Ready Player One

Ready Player One

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Once upon a time (or a long time ago in a galaxy far away if you’d prefer) the world was a cruel place to live for nerds. Bullied frequently, their interests: superheroes, videogames, Dungeons and Dragons were derided as simultaneously childish and hopelessly impenetrable. There was little sympathy to be found with nerd stereotypes popping up throughout pop culture, all enforcing the fallacy that to be a nerd was to be lonely, unpopular and, in all-likelihood, untouched by the fairer sex (of course there have always been female nerds but they were broadly unacknowledged by society or, indeed, by their male equivalents). However beginning in the 90s something very odd began to happen: Nerdy pursuits began to get cool. The kind of kids who played for the rugby team and used to beat up retiring bespeckled types who collected Marvel comics began to get excited about Iron Man, videogames became a billion dollar industry, and every fantasy novel ever written started getting big budget Game of Thrones adaptations. The fact that a director with the kind of clout of Spielberg would make a movie so overflowing with geek hagiography is the ultimate sign of the times.

Ready Player One is set in a nearly dystopian future (after “the corn syrup famine” and “the bandwidth riots”) where caravans are bolted on top of one another to form Jenga-style council houses. With the world being so grim, everyone spends their time hiding from this painful reality by logging into the OASIS, a virtual reality game universe which you feel and see by wearing a VR helmet and full body-suit. A digital universe built by uber-nerd James Halliday (a wonderfully introverted Mark Rylance who spends most of the film in a Space Invaders t-shirt) a kind of Steve Jobs by way of that friend who can recite the entirety of Monty Python and The Holy Grail figure, you can do basically anything in the Oasis, from Doom style first person shooters to brothels, gambling and climbing Mount Everest (“with BATMAN”). Halliday has died and left an Easter Egg hunt in The OASIS as his legacy: Whoever can solve three mysteries he’s encoded into the game will inherit full control over The OASIS and billions of dollars. So with the set up essentially Charlie and The Chocolate Factory by way of The Matrix we’re introduced to Wade Watts, our hero and nerd culture representative and his quest to win control of the OASIS from the nefarious clutches of evil corporation IOI (who are headed up by a suitably oily Ben Mendelson).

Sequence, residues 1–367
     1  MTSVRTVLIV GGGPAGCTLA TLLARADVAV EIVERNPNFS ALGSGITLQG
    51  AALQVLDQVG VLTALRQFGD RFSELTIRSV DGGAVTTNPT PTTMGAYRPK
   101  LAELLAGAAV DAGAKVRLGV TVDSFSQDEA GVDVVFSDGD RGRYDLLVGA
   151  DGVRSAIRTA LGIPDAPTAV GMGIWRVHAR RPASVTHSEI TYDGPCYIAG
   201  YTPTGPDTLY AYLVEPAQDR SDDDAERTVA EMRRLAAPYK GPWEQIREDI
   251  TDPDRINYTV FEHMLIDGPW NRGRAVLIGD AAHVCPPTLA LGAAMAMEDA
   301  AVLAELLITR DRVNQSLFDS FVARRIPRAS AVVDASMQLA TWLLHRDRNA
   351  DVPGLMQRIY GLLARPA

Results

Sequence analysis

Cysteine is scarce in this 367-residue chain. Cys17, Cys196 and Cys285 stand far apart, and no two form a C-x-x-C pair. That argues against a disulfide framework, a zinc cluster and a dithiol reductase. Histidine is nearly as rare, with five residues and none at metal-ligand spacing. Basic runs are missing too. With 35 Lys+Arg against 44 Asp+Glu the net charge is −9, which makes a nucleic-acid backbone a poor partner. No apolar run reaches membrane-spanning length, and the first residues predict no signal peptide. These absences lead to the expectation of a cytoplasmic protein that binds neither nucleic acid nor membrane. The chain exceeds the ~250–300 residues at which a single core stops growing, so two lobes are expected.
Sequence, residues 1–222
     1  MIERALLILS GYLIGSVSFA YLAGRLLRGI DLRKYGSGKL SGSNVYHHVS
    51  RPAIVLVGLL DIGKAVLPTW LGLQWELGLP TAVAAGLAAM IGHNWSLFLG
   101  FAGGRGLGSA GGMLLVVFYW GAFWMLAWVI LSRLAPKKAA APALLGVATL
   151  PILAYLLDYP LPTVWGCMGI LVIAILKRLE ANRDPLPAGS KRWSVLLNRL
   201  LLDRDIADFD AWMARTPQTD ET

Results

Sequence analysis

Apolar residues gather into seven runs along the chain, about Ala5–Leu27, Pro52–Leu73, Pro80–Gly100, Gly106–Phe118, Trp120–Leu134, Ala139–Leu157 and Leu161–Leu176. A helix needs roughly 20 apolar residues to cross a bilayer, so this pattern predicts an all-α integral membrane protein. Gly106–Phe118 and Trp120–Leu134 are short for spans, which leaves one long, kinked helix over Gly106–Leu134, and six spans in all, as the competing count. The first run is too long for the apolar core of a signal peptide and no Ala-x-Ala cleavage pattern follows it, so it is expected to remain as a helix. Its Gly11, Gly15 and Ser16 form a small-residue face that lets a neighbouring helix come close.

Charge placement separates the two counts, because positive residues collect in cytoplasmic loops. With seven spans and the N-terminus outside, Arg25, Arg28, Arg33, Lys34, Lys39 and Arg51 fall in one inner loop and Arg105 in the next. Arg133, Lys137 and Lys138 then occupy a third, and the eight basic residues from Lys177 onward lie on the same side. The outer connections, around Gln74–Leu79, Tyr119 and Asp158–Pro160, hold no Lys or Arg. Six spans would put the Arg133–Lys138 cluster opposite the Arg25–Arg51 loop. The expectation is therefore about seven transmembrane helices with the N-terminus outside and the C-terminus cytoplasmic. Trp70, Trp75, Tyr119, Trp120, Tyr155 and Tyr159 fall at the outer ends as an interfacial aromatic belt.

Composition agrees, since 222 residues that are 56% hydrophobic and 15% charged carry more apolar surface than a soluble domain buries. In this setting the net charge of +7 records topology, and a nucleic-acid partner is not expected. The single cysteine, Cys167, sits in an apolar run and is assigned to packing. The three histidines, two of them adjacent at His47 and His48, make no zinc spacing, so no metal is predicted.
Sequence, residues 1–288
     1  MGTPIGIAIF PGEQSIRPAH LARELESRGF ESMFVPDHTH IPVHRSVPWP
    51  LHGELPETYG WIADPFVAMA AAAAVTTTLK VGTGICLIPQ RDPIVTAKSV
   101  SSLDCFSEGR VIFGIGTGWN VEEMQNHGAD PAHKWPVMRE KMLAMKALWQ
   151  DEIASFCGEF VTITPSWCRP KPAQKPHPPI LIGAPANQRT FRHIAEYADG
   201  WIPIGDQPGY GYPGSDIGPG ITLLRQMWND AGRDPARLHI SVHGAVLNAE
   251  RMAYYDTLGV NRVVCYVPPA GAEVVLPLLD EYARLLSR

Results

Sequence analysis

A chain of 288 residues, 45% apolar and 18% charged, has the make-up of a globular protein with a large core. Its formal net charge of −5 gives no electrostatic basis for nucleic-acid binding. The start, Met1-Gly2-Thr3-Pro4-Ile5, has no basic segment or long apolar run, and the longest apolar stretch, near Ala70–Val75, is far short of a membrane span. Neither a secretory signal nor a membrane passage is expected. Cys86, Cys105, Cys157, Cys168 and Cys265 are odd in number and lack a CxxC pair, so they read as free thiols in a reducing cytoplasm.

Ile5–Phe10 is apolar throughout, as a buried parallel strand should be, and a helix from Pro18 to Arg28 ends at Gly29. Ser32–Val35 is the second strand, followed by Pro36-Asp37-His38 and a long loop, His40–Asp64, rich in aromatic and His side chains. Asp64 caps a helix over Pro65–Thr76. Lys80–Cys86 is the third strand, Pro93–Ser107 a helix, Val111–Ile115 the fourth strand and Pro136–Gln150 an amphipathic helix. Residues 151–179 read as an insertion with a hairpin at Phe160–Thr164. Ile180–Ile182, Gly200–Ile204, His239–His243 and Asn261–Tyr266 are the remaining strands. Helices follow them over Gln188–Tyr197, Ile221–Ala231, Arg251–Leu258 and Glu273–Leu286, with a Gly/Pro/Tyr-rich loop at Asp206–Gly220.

The film is basically Pop Culture Nostalgia: The Quest for Brand Recognition, with Spielberg throws endless riffs and references from everything from The Shining to The Iron Giant in a primarily CGI wonderland (the film notably lags whenever it enters the dreary confines of the real world). It should be infuriating but somehow Spielberg’s steady hand makes the whole thing into a thrill-ride. It’s cardboard thin but for anyone who ever identified as a nerd in the last 25 years will find something to get a kick out of, despite their better judgement. I know this nerd did.

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